“Marguerite planted sadness. She planted anxiety. She planted regret. She planted fear. She planted fear. She planted fear. She planted fear. She planted fear.”
“Planting” was published in 2012, inspired by the Great East Japan Earthquake.
What makes Matuda’s language unique is its rhythm and repetition. When I first read her story, I was surprised by her style, free from the conventional usage of Japanese.
The protagonist’s job is to plant. At first, she plants something beautiful, colorful, and heart-warming. All of a sudden, those pleasant items turn into something repulsive, grotesque, and macabre. She’s only allowed to “plant” things, however much she wants to bury them. By planting, the roots spread all over and hatred and fear get amplified incessantly.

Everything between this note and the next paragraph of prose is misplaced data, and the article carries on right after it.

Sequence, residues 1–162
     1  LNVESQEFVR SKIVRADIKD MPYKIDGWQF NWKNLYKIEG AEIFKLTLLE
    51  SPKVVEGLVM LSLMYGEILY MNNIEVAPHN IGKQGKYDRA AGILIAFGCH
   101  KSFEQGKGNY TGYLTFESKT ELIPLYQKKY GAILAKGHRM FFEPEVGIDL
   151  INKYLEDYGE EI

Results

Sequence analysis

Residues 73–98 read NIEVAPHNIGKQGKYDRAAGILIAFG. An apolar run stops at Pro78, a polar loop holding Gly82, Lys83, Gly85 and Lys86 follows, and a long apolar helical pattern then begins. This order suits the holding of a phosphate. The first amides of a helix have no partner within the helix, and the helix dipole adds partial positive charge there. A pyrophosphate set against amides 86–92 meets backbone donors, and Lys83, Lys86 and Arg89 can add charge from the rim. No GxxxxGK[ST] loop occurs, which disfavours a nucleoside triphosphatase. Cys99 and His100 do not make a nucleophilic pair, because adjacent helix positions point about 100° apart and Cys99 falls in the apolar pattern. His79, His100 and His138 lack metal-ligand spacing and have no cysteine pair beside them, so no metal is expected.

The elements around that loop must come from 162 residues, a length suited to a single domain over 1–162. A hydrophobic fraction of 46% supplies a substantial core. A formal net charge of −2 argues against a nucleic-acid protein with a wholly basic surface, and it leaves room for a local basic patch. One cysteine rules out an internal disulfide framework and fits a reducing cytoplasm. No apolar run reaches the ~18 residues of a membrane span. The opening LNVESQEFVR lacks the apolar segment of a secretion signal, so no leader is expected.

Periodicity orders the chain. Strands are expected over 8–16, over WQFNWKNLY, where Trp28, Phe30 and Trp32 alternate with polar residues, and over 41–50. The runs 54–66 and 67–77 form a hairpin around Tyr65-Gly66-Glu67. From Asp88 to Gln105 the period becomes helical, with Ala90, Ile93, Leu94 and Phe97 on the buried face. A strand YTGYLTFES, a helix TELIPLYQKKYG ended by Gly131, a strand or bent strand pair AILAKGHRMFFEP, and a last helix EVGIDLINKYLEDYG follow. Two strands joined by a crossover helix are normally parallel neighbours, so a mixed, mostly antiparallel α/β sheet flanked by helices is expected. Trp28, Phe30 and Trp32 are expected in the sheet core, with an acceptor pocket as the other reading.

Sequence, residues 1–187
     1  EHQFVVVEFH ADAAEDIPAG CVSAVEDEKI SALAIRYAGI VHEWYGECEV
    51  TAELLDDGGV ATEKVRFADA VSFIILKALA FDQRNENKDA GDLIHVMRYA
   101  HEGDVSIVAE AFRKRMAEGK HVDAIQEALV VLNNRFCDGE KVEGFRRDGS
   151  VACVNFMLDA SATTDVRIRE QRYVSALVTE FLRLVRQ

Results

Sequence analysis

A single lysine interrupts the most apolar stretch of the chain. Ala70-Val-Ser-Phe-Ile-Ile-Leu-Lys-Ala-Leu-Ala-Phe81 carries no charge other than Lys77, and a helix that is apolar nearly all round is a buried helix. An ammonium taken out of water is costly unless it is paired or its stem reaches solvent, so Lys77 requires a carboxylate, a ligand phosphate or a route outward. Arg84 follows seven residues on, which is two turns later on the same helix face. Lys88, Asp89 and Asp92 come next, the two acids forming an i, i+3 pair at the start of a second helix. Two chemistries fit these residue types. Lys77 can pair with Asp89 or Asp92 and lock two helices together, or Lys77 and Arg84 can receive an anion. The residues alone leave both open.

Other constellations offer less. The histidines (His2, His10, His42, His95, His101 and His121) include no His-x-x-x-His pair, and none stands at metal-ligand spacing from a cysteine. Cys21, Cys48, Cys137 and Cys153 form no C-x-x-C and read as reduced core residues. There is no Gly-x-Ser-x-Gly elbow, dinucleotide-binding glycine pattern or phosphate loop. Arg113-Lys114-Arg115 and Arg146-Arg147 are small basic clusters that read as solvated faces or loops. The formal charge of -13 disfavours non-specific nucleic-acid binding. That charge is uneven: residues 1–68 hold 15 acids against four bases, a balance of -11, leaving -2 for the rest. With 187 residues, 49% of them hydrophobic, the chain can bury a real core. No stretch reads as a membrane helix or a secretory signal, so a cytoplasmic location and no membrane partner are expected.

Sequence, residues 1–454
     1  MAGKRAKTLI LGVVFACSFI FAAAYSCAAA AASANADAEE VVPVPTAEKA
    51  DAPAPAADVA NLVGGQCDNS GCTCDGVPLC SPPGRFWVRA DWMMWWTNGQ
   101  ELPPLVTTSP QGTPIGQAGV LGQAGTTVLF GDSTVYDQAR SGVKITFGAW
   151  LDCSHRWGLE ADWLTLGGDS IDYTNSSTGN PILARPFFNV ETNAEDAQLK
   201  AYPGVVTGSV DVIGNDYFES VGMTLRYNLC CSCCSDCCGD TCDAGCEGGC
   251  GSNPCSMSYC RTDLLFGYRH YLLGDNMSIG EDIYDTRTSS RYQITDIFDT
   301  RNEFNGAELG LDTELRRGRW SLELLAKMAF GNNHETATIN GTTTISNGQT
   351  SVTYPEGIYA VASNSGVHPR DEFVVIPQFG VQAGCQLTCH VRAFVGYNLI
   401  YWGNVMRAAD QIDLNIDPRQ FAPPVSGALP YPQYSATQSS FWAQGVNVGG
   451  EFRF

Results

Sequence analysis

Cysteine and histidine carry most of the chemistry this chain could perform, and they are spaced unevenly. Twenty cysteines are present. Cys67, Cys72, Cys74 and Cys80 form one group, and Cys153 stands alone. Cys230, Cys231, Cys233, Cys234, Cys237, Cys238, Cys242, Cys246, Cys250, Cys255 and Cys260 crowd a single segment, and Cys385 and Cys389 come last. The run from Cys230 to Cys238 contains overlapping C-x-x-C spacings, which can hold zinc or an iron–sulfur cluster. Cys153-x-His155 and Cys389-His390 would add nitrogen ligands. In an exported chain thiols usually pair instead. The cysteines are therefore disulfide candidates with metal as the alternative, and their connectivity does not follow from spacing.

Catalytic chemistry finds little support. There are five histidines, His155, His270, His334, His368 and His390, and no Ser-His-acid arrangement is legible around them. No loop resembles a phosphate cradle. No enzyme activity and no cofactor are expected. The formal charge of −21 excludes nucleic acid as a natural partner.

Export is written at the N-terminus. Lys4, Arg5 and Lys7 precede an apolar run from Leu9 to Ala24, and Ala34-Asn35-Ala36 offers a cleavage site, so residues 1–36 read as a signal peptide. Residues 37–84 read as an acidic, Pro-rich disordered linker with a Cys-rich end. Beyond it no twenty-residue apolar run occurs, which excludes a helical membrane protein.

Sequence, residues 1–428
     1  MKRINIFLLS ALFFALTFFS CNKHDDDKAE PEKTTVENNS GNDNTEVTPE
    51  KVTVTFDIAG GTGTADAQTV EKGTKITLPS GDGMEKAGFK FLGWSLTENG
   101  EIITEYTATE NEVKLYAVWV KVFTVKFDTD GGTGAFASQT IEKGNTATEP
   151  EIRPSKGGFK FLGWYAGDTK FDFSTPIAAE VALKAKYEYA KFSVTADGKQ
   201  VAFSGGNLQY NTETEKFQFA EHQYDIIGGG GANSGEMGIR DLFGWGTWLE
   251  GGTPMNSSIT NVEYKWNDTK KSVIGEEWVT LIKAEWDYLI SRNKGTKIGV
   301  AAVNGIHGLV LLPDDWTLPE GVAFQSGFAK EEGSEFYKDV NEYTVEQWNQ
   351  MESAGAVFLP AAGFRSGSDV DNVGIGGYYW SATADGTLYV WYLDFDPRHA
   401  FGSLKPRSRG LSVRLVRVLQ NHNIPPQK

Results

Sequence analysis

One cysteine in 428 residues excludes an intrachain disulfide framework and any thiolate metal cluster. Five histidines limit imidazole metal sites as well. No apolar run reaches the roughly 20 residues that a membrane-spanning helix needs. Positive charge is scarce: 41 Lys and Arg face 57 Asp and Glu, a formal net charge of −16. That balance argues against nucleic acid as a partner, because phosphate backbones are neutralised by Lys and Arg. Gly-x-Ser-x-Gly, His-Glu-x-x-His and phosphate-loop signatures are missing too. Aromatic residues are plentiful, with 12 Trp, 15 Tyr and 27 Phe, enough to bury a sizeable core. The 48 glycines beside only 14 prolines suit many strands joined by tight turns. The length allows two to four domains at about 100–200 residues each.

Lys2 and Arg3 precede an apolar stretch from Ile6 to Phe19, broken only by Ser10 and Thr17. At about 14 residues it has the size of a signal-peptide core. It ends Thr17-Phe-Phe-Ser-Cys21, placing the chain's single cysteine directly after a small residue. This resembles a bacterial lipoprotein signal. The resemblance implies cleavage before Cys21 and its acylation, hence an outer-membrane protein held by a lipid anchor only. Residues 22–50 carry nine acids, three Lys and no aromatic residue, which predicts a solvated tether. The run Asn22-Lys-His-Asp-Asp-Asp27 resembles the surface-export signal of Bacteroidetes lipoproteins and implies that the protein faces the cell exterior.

I find repetition is one of the most important elements of this story. Repeated words and phrases make their meanings magnified. At the same time, the repetitious act of “planting” seemingly brings some kind of hope. The key to facing fear is probably repetition, which could simply mean moving our hands, taking walks, or doing our routine. The rhythm born out of it could lead to something buoyant.